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Jobs Number Down -- Will Fed Pause?


Aug. 4, 2006 — As if lazy August Fridays weren't enough for the vacationing Wall Street and financial communities, today's jobs report was a gift. The lower-than-expected 113,000 new jobs added during July has been interpreted as a clarion call for the Federal Reserve to end its two-year-plus interest rate hike stint.

You only have to look at the green arrows on the futures market for proof that the Street is celebrating the weaker-than-expected jobs report. Most economists had expected employers to add 145,000 workers to their payrolls during July (conveniently, the monthly average for the year). They also expected a steady unemployment rate. Instead, we're seeing slower jobs growth and a slight uptick in the unemployment rate to 4.8 percent, up from 4.6 percent in June and a five-month high.

This is a good indication that the economy is slowing — exactly what the Fed has been pushing for. It's been raising rates to slow the American consumer down, take some of the heat out of the housing market and, it's hoped, keep prices from shooting through the roof.

Traders are now betting for a pause in the rate hikes at next week's (Aug. 8) Fed meeting.


The Good and the Bad

Basically, this is a bad-news-is-good-news scenario. The stock market will probably rally today in anticipation of the long-awaited interest rate pause next week.

But the Fed has perhaps gone too far in its engineered slowdown. Historically, the central bank tends to overshoot when it comes to putting the brakes on, and some economists believe that we might see a recession by the end of 2006 or early 2007, thanks to the 17 quarter-point rate hikes since June 2004. Only time will tell.

The increase in the rate of unemployment will be largely overlooked. It's within the survey's margin of error, and still low by historic standards.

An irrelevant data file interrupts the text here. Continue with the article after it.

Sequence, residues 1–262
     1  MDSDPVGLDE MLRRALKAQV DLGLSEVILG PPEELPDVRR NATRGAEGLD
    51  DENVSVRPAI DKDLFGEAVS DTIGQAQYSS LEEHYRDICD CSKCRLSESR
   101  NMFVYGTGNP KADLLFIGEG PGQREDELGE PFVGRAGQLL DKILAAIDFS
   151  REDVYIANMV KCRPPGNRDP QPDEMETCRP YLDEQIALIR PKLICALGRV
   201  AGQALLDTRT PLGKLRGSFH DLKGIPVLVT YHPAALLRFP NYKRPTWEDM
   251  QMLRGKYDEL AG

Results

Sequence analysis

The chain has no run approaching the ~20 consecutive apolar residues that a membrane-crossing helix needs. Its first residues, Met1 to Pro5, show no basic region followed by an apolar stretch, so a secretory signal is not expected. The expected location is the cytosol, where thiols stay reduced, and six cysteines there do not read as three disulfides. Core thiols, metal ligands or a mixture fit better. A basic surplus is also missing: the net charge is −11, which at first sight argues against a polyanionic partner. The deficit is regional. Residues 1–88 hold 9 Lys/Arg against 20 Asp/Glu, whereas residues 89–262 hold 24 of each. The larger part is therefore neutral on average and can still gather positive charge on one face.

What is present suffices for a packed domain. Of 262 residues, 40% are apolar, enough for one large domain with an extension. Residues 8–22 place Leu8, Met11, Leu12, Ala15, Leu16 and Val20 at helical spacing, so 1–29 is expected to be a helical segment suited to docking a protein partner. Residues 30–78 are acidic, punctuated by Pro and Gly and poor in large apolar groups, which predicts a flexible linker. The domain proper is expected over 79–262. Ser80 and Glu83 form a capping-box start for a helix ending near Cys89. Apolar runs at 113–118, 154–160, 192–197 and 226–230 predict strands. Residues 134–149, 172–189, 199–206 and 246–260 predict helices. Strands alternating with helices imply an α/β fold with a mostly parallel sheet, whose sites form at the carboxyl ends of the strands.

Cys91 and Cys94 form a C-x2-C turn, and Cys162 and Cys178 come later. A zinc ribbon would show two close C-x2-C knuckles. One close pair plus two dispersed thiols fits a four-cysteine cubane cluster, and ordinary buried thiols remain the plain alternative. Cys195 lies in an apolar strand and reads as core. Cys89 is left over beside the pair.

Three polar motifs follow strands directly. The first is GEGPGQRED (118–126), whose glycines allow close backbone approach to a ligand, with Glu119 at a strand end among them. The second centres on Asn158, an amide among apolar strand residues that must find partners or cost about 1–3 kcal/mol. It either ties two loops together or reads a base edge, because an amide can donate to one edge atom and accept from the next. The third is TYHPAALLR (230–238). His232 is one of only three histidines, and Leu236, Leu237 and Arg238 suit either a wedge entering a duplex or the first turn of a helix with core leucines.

What Kinds of Jobs Were Added, Lost?

As has been the trend during the most recent economic expansion, service industries are some of the fastest growing.

Computer systems designers (+12,000), architects and engineers (+10,000), and management consultants (+6,000) all found easy job hunting last month. Health care workers (+23,000) have had a great job market for years now. And folks looking for work in the nation's restaurants and bars (+29,000) didn't need to look too far to get a new job during July.

People in manufacturing (-15,000), transportation equipment (-9,000), electronic equipment (-8,000) and textile mills (-2,000) all found a less-than-favorable market.

So how much does this matter? It's important. The jobs report is arguably one of the best economic indicators out there — and it's easy to understand why.

Definition: The nonfarm payrolls number is a measure of the number of new jobs created by the private sector during the month. It is based on a survey of about 160,000 businesses and government agencies. The national unemployment rate comes from a separate survey of households.





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